What does the coronavirus mean for investments?
There is no simple answer to that question (of course), as the ultimate impact will be determined by how quickly the virus is contained. The influence of any government and central bank action will also play a part. But we can gather a few clues from how markets have responded to past epidemics.
There have been at least a dozen well-publicized epidemics over the past 40 years (Zika, Ebola, MERS, H1N1, SARS, etc.). As one would expect, stocks have tended to drop sharply in the short-term, as fear of the unknown ramps up quickly. For instance, during both the 2015/2016 Zika virus and 2003 SARS outbreak, the S&P 500 index fell about 13% from its high. With the current coronavirus situation, the S&P is down about 9% from its high point. The good news is that stock market fear is often short-lived.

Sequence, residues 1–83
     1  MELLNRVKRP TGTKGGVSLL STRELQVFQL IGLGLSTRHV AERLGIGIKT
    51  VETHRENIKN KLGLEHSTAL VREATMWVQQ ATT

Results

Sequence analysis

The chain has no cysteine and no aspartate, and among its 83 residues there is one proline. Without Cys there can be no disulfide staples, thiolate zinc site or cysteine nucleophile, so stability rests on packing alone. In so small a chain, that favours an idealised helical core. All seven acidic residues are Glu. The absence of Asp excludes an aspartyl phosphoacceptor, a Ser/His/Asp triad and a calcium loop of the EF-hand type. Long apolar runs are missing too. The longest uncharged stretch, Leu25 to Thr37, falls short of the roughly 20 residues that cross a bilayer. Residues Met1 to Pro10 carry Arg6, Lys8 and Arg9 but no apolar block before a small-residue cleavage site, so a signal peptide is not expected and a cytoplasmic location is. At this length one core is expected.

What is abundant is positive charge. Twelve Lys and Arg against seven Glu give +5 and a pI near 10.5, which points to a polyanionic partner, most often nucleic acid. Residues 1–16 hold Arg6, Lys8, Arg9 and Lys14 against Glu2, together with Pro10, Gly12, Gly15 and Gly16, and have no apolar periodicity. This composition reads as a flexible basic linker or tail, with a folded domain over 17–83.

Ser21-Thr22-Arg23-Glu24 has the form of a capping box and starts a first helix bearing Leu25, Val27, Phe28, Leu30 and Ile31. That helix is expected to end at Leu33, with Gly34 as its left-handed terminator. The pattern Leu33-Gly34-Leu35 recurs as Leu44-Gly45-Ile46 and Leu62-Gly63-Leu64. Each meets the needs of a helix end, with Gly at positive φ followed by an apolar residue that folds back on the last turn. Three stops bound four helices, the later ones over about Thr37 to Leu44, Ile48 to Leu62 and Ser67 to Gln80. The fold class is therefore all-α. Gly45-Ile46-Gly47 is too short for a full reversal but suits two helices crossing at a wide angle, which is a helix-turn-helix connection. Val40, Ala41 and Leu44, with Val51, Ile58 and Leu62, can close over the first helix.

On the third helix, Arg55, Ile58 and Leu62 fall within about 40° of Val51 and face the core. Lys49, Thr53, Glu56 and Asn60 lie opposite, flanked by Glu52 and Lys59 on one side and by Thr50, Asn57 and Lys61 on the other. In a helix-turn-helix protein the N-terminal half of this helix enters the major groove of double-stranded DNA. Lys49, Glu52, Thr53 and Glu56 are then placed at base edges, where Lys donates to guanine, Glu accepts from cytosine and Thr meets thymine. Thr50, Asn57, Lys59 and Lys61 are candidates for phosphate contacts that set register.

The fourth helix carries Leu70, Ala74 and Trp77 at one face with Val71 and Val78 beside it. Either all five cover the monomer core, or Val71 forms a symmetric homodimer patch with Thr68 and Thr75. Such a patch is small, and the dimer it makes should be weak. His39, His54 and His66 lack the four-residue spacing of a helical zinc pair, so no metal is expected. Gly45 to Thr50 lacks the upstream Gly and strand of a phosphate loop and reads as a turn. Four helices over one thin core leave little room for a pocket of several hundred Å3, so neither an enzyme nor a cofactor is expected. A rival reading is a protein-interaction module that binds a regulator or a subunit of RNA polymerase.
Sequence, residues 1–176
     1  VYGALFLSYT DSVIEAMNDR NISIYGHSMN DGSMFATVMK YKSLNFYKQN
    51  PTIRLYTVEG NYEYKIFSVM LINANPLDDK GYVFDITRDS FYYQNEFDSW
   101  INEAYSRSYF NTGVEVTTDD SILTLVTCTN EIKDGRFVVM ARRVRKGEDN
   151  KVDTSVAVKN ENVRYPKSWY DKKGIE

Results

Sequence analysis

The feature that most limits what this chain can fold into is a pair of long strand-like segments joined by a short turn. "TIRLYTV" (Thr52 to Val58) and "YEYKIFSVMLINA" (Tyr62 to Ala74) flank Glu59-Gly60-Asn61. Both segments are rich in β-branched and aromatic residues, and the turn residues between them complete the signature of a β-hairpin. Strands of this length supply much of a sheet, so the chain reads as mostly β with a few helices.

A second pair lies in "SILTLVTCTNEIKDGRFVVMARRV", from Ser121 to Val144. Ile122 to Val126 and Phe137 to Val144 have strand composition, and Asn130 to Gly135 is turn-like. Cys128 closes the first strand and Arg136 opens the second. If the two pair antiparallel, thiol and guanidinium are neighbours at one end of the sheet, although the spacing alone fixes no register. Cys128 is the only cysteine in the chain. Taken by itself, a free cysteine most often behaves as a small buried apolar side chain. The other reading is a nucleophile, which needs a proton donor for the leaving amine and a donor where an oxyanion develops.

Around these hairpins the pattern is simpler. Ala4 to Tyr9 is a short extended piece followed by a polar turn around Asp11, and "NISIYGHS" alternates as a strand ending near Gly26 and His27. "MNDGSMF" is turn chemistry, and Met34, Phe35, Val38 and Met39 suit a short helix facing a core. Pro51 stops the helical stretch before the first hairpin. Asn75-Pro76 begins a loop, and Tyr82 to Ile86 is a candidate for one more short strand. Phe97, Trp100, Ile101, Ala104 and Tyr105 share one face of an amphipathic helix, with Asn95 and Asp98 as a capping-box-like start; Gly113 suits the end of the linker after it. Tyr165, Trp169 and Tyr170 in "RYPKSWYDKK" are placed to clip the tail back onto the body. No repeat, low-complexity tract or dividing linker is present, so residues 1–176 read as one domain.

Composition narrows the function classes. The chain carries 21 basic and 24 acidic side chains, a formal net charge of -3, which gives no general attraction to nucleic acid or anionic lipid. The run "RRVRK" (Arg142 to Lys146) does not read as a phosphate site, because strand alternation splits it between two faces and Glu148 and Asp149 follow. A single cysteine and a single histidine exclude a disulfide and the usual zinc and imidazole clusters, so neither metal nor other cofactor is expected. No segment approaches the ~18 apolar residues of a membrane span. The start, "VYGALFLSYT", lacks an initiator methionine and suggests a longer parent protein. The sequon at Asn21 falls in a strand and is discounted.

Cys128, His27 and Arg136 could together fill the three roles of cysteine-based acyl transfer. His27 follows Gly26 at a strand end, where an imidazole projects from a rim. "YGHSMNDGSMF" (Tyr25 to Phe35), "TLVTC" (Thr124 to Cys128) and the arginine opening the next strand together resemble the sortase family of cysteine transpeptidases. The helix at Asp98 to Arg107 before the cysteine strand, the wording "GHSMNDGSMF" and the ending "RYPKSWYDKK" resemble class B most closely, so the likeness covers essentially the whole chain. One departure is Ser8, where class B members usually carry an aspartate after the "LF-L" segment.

In 11 of the 12 epidemic scenarios since 1980, the market (S&P 500) was positive six months after the start of the epidemic, with an average price return of 8.8%. The average gain over 12-months was 13.6% (source: First Trust Portfolios L.P.). Markets have a tendency to react sharply to both positive and negative news in the short-run, but long-term economic growth is what drives investment returns over time.
Once again, we have another example of the benefits of bonds and a well-diversified portfolio! Despite (painfully) low yields, bonds have helped cushion the impact that a negative surprise can have on stocks. This is also a reminder of how market disruptions arise in a very unpredictable way (i.e. a pandemic was not on the radar a few months ago). Whether we feel good or bad about the economy and stocks, there is always the potential for unexpected surprises to change the picture entirely. As always, it is best to stick with the plan that was put in place to deal with the unexpected. This too shall pass!
Please reach out with any comments or questions.
The LPP Team